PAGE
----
- 1 hr 34 min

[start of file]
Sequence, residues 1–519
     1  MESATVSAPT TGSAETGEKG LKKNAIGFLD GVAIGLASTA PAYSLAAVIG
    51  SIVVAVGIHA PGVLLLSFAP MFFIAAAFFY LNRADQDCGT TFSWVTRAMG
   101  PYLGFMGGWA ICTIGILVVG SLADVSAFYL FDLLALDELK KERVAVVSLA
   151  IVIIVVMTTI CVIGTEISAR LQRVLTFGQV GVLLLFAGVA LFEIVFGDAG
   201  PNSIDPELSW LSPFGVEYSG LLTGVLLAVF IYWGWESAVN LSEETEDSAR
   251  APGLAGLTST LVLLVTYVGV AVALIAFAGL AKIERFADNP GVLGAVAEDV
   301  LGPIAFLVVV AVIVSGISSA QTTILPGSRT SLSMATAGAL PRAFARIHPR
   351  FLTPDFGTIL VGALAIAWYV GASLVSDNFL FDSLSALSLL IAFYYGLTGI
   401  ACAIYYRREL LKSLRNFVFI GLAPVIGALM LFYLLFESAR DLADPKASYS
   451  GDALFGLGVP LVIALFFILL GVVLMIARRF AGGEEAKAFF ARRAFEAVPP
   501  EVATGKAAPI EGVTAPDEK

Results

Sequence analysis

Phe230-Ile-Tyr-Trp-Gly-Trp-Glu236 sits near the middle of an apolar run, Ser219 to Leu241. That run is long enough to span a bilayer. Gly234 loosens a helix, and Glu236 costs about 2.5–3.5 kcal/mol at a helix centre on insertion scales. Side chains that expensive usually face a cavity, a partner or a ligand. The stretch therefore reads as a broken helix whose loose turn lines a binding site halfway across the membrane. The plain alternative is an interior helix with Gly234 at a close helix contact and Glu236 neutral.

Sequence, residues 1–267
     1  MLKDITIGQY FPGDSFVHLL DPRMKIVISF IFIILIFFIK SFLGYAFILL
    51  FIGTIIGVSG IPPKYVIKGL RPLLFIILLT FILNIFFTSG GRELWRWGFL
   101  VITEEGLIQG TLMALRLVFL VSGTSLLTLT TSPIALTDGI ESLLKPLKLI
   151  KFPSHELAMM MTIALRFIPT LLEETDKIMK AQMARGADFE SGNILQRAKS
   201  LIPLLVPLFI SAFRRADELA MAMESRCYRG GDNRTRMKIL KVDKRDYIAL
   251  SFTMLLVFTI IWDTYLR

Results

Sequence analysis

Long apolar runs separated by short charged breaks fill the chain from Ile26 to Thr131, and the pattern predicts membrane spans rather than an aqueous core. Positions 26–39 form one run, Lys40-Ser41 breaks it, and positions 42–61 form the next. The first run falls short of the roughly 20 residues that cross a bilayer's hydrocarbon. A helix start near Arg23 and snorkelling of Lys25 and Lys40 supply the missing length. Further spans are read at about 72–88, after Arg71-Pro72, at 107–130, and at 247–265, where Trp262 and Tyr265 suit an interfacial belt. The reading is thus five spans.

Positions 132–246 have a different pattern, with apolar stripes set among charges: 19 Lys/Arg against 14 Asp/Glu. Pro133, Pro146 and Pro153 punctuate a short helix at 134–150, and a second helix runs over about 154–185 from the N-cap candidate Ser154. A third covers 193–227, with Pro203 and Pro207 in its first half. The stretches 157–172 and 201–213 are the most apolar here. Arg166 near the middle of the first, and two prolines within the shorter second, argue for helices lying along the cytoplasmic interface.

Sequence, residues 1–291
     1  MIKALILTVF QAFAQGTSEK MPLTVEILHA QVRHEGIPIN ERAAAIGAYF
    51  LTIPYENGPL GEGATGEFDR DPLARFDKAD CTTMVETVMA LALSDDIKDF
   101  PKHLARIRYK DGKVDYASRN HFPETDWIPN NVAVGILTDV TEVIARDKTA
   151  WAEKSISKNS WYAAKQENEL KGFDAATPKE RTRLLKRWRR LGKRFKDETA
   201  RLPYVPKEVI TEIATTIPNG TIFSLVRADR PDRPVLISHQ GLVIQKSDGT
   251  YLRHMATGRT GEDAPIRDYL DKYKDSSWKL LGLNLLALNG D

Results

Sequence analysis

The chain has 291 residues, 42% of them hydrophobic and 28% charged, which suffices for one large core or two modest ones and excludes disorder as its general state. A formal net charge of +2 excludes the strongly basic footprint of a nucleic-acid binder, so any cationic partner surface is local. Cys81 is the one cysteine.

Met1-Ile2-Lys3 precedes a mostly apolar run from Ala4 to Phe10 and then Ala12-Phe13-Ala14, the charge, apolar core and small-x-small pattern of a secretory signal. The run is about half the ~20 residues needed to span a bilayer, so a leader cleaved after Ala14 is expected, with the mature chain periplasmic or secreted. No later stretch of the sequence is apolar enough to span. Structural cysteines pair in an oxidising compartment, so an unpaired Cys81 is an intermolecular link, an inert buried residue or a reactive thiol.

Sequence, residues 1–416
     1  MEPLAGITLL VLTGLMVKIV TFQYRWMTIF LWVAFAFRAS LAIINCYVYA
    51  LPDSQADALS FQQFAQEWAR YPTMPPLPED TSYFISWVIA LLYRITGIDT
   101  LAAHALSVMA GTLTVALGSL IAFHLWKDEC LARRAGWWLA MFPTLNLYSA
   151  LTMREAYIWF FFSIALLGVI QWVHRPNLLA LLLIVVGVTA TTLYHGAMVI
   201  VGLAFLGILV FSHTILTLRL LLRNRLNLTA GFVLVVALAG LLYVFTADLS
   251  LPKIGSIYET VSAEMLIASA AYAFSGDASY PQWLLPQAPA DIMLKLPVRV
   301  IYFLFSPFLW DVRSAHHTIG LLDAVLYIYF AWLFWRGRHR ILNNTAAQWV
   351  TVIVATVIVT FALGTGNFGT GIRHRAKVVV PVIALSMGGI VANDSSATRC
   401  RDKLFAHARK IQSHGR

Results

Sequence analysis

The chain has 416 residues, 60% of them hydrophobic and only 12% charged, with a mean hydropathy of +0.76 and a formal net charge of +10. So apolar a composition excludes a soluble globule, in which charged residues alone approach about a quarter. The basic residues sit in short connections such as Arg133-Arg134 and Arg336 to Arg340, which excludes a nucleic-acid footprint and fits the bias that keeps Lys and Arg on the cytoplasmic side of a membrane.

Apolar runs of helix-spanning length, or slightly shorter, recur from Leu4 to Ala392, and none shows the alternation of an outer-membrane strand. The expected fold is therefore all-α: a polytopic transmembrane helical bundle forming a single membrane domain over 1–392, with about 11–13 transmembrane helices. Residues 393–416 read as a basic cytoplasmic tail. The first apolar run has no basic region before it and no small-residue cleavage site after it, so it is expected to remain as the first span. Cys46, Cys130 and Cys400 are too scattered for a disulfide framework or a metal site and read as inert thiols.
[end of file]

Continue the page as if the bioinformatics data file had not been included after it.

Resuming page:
In the gritty and violent Australian crime drama Chopper, directed by Andrew Dominik, Eric Bana gives a mesmerizing performance as Mark "Chopper" Read, a real-life criminal and author who made a name for himself as a notorious gangster in Melbourne during the 1970s and '80s. The film chronicles the rise and fall of Chopper, who is introduced as a heavily tattooed and bald-headed prisoner who has just had his own ears cut off in an attempt to gain notoriety while in prison. From there, the film flashes back to Chopper's early days as a bouncer and self-proclaimed vigilante, who frequently used violence and intimidation to solve problems both big and small. Despite his criminal activities, Chopper has gained a measure of fame in Australia, thanks in part to his bestselling books, which recount his jailhouse experiences and criminal exploits. But even as he tours the country on a book tour and enjoys his newfound celebrity, Chopper is plagued by personal demons, including his volatile temper and his tendency to betray even his closest allies. As Chopper lurches from one violent confrontation to the next, the film never shies away from the brutal reality of his activities. We see Chopper commit vicious acts of violence against his enemies, including a chilling sequence in which he uses a pair of bolt cutters to mutilate a rival gang member. And yet, even as he is perpetrating these acts, Bana's Chopper remains a compelling and strangely sympathetic character, thanks to his charisma and his occasional flashes of vulnerability. Throughout the film, we see Chopper interacting with a number of other criminals, including his longtime friend Jimmy (Simon Lyndon) and fellow gang members Keithy George (David Field) and Neville (Vince Colosimo). The scenes between Chopper and his various associates are often volatile and unpredictable, with tensions simmering just below the surface. One of the most striking aspects of Chopper is its visual style. The film is shot in a naturalistic, documentary-style that gives it a raw and unpolished feel, making the violent and gritty world of Australian crime feel all the more real. Director Andrew Dominik maintains an unflinching eye, capturing the stark beauty and brutality of urban Australia with an artists' approach. Eric Bana's performance, however, is the film's real standout. His portrayal presents Chopper with a steely-eyed intensity that is equal parts scary and charismatic. Despite his numerous faults and criminal activities, we canât help but root for him in some moments throughout the movie. He's a complex character with a peculiar blend of violence, humor, and humanity. He can turn from friendly to dangerous in a single breath, and his unpredictability keeps us on our toes throughout the entire film. Overall, Chopper is a riveting and intense crime drama that is sure to leave a lasting impression on anyone who watches it. With Andrew Dominik's expert direction and Eric Bana's flawless acting, the film tells a brutally honest story of a man who lived and died on the edge of society. A difficult watch due to the graphic violence, itâs recommended for fans of crime movies and those interested in character studies.